In conversation with Shanker Singham, Director of Economic Policy & Prosperity Studies at the Legatum Institute, Sally cautioned against ignoring traditional tariff barriers in the developing world, where they remain quite high, especially applied tariff rates.

He praised a focus on the fundamentals of trade policy, and recommended unilateral reform as the most expedient option for delivering real reform. The evolving climate of the WTO has rendered multi-lateral agreements nonnegotiable—if window-dressing agreements are to be avoided, it is impractical to negotiate with 160+ partners who all have very different ideological and economic agendas. The creation of ‘deep integration’ trade agreements will require cooperation amongst like-minded nations on typically ‘difficult’ subjects, like agriculture. 

The discussion turned to the recent British referendum and its impact on the future of British trade with Europe and the rest of the world. Dr Sally delved into his experiences setting up the European Centre for International Political Economy in Brussels and recommended deregulating where possible, and signing on to existing deep integration free trade agreements (e.g., NAFTA).

About the Speakers

Razeen Sally is Director of European Centre for International Political Economy (ECIPE), which he co-founded in 2006. He is also Associate Professor at the Lee Kuan Yew School of Public Policy at the National University of Singapore, and Chairman of the Institute of Policy Studies, the main economic think tank in his native Sri Lanka. He was on the faculty of the London School of Economics for eighteen years, where he also received his PhD. He has held adjunct teaching, research and advisory positions at universities and think tanks in the USA, Europe, Africa and Asia. He is on the Global Agenda Council for Competitiveness of the World Economic Forum, and was awarded the Hayek Medal by the Hayek Society in Germany in 2011. He is a member of the Mont Pelerin Society. Sally’s research and teaching focuses on global trade policy and Asia in the world economy. He has written on the WTO, FTAs, and on different aspects of trade policy in Asia. He has also written on the history of economic ideas, especially the theory of commercial policy.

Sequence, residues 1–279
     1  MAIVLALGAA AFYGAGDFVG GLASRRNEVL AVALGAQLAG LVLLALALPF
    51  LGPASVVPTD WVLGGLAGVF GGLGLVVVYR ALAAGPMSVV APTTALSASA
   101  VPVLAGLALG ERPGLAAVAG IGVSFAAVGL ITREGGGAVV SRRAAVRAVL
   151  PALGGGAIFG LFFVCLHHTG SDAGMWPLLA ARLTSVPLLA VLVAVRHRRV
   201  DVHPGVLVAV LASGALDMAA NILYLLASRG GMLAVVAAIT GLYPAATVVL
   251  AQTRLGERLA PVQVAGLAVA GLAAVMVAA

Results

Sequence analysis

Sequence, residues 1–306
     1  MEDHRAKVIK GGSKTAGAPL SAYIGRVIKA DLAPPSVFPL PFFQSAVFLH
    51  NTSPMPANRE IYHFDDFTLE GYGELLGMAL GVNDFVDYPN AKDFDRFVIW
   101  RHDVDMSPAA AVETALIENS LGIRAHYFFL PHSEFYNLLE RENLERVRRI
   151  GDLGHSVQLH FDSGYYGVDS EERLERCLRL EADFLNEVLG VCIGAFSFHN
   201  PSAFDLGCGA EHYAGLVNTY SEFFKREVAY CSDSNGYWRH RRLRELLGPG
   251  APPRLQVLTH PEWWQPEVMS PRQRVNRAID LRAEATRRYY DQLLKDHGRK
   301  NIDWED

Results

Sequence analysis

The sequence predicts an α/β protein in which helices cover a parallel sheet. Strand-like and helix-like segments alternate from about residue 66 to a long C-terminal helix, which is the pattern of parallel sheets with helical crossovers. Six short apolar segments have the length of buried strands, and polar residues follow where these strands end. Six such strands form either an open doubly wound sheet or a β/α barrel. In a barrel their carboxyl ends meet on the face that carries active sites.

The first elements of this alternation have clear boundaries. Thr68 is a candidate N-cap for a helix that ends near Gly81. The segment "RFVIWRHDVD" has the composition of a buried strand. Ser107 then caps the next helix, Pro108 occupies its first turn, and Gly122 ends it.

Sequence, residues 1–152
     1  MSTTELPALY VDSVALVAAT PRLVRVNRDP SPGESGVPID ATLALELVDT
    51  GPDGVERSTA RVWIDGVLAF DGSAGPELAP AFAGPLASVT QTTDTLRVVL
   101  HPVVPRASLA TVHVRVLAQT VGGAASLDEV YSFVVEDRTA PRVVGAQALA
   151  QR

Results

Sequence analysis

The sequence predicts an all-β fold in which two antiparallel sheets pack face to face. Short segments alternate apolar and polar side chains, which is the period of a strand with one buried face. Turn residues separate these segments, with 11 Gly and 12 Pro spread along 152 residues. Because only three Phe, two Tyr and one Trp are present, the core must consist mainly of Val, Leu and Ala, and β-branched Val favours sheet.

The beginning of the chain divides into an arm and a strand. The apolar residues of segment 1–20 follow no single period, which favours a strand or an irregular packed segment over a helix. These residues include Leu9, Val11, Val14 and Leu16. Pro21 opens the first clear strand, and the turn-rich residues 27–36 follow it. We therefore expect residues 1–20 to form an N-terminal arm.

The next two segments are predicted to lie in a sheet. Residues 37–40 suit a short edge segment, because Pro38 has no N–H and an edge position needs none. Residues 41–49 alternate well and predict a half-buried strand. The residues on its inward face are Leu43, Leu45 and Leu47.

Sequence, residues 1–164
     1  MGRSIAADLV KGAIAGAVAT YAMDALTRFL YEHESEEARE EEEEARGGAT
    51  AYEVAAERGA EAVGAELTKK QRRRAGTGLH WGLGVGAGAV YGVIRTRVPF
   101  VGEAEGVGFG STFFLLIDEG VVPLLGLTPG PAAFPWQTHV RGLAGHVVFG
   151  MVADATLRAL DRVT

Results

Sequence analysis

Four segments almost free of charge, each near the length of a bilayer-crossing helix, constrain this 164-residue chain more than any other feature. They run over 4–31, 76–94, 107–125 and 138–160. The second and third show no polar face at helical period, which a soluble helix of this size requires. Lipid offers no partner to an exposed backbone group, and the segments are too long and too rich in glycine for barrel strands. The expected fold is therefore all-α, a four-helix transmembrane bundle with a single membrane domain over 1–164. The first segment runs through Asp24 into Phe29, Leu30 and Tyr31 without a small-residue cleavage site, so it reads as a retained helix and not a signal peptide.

Shanker Singham leads the Legatum Institute’s Economics of Prosperity work which examines how countries can become more productive and the role free trade—with open, competitive markets—plays in helping people of all incomes increase their prosperity. Singham has worked with governments and companies around the world on market opening and transition issues, including on the early privatisations of the UK electricity market, the former Soviet Union, the accession of Poland and Hungary to the EU, the transitions in Latin America after the apertura and the WTO accessions of a number of countries, including China and Russia.